The project by Anvar Kadyrov, Booth of Silence, was born out of the desire to change tomorrow for the better, out of a radicalization of spiritual ecology and mental hygiene. This is an uncompromising humanitarian mission that wants to realize itself in the form of a massive new infrastructure whose benefits are for the time being as it were unimaginable. Simultaneously, this project is an uncompromising apology for silence as a phenomenon, as an elemental force.

Ilja Kitup also tells us a story about a tomorrow better than our today. His taste for inventions (the series STAMPATO) is akin to the qualities of those scientists who have little concern for the future applications of their constructions. Instead, the process of creating these innovations itself consumes them.

In his lecture about Beautiful future projects and Mountain of Darkness, Bernd Brincken discusses the historical relationship between “pure” art and realpolitik. His topic is the furious enthusiasm for the invention of all manner of contraptions, engines, and flying machines, which characterized the European totalitarian regimes, and the unprecedented concentration of the future in the present, with its emphasis on a speedy forced march in that direction.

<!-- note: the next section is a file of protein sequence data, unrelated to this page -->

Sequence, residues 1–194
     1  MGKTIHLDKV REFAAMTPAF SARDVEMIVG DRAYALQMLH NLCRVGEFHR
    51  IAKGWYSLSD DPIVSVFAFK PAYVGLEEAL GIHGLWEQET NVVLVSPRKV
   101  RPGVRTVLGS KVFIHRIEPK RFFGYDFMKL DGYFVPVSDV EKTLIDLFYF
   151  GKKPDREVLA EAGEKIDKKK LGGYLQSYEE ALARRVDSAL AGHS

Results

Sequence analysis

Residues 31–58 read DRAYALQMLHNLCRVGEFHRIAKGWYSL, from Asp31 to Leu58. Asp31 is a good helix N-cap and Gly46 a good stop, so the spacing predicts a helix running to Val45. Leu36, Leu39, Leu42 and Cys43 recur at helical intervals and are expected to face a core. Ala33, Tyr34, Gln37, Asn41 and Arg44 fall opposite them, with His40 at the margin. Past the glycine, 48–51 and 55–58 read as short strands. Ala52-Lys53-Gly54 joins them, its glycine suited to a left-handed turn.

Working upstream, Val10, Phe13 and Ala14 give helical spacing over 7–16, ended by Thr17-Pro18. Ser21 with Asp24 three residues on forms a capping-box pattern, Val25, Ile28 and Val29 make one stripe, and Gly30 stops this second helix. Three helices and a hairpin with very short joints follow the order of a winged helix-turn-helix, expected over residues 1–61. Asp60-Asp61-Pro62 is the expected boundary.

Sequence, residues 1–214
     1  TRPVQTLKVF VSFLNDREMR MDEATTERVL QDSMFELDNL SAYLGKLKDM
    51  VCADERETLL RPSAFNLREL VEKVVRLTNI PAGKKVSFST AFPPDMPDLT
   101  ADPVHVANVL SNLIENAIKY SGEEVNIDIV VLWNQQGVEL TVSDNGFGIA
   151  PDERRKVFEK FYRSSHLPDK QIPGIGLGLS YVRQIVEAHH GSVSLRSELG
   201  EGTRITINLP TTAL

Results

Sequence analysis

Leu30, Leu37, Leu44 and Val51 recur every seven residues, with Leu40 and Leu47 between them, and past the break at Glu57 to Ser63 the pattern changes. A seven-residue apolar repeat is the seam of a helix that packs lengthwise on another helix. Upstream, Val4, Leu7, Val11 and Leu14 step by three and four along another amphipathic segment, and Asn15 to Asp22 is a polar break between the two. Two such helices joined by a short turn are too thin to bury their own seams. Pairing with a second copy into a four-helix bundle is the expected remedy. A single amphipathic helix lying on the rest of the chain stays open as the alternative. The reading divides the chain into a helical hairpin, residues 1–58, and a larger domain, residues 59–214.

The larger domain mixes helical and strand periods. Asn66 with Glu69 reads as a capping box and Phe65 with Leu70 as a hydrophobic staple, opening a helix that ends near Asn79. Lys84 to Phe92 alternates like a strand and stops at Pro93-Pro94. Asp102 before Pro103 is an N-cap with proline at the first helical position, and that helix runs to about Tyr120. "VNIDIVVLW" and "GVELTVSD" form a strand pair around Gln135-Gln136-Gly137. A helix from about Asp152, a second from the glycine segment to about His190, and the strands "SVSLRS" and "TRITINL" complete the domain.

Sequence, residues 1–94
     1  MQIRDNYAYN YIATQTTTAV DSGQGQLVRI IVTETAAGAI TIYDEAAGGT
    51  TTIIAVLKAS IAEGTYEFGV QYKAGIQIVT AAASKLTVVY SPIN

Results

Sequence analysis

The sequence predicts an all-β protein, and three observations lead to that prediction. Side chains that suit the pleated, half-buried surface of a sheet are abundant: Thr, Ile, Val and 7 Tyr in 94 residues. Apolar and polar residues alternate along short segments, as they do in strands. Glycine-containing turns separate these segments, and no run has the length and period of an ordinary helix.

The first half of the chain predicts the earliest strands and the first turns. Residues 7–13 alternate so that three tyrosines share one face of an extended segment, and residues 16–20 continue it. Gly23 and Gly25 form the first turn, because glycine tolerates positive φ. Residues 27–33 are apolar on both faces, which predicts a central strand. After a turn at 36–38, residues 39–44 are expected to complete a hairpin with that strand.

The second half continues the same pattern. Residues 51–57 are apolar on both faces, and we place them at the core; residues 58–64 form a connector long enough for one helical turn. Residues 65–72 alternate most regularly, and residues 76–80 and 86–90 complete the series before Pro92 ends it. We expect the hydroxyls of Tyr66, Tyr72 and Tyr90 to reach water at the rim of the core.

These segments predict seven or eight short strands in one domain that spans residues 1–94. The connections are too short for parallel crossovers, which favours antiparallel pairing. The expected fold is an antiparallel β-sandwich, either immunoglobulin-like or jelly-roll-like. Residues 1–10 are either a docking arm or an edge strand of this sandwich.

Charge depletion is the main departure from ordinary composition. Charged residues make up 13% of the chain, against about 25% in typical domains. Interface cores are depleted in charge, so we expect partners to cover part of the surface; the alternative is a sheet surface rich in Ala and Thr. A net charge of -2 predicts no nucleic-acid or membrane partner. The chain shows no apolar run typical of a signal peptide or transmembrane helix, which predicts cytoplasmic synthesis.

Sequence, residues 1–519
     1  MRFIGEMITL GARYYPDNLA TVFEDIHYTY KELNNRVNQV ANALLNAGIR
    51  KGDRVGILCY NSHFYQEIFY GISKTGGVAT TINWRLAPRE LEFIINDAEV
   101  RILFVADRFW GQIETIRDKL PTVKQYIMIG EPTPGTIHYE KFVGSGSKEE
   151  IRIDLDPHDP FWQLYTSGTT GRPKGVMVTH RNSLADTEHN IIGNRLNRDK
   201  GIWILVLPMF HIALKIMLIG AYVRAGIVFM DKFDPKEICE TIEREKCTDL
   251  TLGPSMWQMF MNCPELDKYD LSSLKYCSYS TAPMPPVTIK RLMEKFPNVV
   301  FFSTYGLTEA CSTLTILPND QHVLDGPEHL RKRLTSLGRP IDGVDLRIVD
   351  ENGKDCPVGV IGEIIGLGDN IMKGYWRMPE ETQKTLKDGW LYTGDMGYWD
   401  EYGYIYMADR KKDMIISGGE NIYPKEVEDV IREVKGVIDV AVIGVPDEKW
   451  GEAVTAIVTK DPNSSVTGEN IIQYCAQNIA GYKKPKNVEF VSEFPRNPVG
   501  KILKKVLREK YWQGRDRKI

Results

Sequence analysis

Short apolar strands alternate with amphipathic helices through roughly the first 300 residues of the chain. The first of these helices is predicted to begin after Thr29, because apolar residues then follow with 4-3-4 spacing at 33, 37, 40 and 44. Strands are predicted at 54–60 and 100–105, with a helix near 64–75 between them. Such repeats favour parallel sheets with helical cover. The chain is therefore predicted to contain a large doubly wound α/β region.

In the performance Left, Left – Right!, Petr Bystrov questions the essential belonging of all forms of creativity. Does creativity belong to order or chaos, to what is already given or to the unknown? This performance also functions as an open discussion of the political foundations of the Futurist project, which began as something revolutionary but then mutated into the aesthetic “doctrine of fascism.”
“Left, left – right!” Thus two pluses make a minus, and two minuses, a plus, in continuous, agonizing, physically painfully rebirth: from rhythmicity to chaos, from regularity to the riot of impulses.

Then again, in his piece My Brother, Aleksander Korneev offers us an image of pure experimentation girded by the logic of “what will be, will be.” This experiment is such that its function has nothing to do with corroborating a theory and certainly not with serving the ideals of civilization. This is a maximally absurd action whose goal is to achieve an improbable result.

Giovanni de Dona, the only countryman of Futurism’s founder in our project, presents Diachronic, a performance during which he reveals an experimental mode for the processing of information by demonstrating a series of sounds and images. This mode is unburdened by a logic that seems singular, immediate, and indisputable.

Petr Bystrov

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concept.txt · Last modified: 17. 05 2013 16:11:54 (external edit)